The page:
It is well-known that Jonathan Edwards, an 18th century revivalist, owned slaves. This is why books celebrating the lives of the saints drive me crazy. There is no way slavery was in any way “kind to the needy”. There were assaults to one’s dignity, body, virtue, mind, etc. If you keep reading this blog, you’ll run across many more of these assaults, detailed here with one vocabulary word at a time! There is a conflict here between Edwards’ “Be kind to the needy” (a profession of a humanitarian element of God’s law) and slaveholding. He neglected “one of the greater and most essential duties of religion.” How do we deal with this conflict?
One way is to minimize the outrage (“He taught his slaves to read, what a guy!”), or to say it’s fine to commit rapine or advocate genocide as long as you were “a man of your time”. If that’s the Christian message, let me off right here. It gets crazier if one also holds to a theology of required basic holiness. You either have to consign Edwards to hell for violating the holiness, or make slaveholding some sort of godly vocation, perhaps an (involuntary) literacy program.
There is another way. One can hold Edwards feet to the fire as a raving hypocrite, as one in open, rebellious, unrepentant sin, as one who also taught others to do likewise. What can we do? Perhaps there is some hope in the 25th and 26th theses of Luther’s Disputation.
He is not righteous who does much, but he who, without work, believes much in Christ.
The law says, ‘do this’, and it is never done. Grace says, ‘believe in this’, and everything is already done.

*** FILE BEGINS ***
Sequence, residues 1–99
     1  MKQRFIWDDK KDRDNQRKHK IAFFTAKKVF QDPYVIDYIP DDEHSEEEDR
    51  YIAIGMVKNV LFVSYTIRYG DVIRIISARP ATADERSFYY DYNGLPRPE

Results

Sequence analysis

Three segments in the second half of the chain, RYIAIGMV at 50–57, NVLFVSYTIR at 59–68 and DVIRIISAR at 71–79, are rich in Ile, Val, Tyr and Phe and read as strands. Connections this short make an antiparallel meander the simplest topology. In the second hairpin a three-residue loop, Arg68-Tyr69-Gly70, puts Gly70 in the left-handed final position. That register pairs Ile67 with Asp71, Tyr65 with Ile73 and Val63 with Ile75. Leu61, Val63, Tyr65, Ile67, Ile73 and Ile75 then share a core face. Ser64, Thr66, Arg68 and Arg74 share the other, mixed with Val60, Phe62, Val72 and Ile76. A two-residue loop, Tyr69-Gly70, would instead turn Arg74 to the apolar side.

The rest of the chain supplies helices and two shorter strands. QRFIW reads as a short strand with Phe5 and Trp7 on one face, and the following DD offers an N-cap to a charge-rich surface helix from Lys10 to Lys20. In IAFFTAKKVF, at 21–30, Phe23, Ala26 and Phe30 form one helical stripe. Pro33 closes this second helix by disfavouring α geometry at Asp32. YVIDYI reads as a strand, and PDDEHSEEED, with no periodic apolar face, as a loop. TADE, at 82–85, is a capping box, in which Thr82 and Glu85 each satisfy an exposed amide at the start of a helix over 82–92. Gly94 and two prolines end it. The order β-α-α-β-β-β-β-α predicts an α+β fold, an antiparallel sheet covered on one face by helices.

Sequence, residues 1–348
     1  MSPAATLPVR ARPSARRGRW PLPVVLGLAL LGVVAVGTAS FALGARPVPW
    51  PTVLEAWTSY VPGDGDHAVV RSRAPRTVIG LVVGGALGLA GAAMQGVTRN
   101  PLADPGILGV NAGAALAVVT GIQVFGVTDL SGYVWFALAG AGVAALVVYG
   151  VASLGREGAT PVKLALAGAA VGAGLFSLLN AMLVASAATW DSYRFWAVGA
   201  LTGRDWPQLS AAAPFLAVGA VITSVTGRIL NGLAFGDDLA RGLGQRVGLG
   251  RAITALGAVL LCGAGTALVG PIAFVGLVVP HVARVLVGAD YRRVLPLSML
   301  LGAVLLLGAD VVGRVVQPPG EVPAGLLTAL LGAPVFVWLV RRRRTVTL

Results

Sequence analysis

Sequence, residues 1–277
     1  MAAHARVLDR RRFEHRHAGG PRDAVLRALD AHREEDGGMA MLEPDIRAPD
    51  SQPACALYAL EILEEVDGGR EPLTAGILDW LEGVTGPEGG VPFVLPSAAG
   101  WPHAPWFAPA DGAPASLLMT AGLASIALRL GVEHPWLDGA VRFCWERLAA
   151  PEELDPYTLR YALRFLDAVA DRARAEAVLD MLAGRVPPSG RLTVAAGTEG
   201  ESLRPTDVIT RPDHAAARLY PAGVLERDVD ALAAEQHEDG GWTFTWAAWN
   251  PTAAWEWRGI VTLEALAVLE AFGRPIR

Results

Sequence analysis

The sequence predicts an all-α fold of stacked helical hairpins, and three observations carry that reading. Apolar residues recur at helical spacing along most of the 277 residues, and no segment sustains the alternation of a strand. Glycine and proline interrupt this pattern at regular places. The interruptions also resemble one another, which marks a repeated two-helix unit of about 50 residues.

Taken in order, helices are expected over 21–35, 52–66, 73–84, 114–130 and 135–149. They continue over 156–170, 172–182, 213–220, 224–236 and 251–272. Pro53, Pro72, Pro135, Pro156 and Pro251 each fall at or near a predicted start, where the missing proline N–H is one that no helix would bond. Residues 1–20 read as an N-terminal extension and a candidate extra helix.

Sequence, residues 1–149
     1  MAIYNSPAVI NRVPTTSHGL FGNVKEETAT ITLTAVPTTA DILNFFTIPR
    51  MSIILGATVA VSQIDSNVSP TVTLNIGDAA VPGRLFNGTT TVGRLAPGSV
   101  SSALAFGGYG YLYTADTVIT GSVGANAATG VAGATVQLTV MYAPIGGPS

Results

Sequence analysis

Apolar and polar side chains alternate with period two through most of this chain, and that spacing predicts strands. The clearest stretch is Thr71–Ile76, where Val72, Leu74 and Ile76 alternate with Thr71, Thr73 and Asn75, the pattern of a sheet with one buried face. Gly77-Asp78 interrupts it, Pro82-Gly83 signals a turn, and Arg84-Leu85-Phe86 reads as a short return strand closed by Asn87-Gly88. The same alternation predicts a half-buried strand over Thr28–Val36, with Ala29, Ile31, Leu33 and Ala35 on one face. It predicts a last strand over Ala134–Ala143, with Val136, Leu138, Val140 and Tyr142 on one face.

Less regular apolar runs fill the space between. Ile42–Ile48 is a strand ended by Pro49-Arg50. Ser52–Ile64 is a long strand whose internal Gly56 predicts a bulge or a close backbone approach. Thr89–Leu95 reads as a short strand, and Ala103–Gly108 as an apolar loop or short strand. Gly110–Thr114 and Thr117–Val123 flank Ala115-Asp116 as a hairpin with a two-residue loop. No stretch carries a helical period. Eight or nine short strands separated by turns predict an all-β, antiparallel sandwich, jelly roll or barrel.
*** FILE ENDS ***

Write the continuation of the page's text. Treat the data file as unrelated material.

The law surely wasn’t done by Edwards. It would be an insult to his slaves to say his works of preaching made up for the slavery, and so we’re all good. Judging by the internet memes of Edwards’ contemporary fans, he didn’t even inspire any focus on being “kind to the needy” today. Anything he did standing up in front of people was at best a filthy, blood-stained rag. He has no hope outside the gospel. I have no hope outside the gospel. This blog itself may do more to offend more than help the suffering masses.
Under this light of the gospel, we sinners can gather together to thank the Lord for a wondrous salvation, not focus on either the polished chrome or the skeletons in each others’ resumes, but focus on a “3rd use of the Law” in how we might serve this risen Saviour together. Edwards reminds us to be kind to the needy.
PRAYER: Help us find ways to be kind to the needy. Help us look out especially for those whose status in life has “waxen”, and thus may be surprised by a new, low state. Forgive us when we fail, and keep us from either pride in our sufficient goodness nor despair in our inevitable and continued wallowing in sin. We thank you for witnesses like Jonathan Edwards for the times he pointed to You and helped us consider Your will. Forgive us for slavery and any complacency we have with situations where people are abused or treated unfairly. Forgive us for our “tone-deafness” when we tout not just the sermons but also the lifestyles or “faithfulness” of historical Christians who were involved in great evils. AMEN.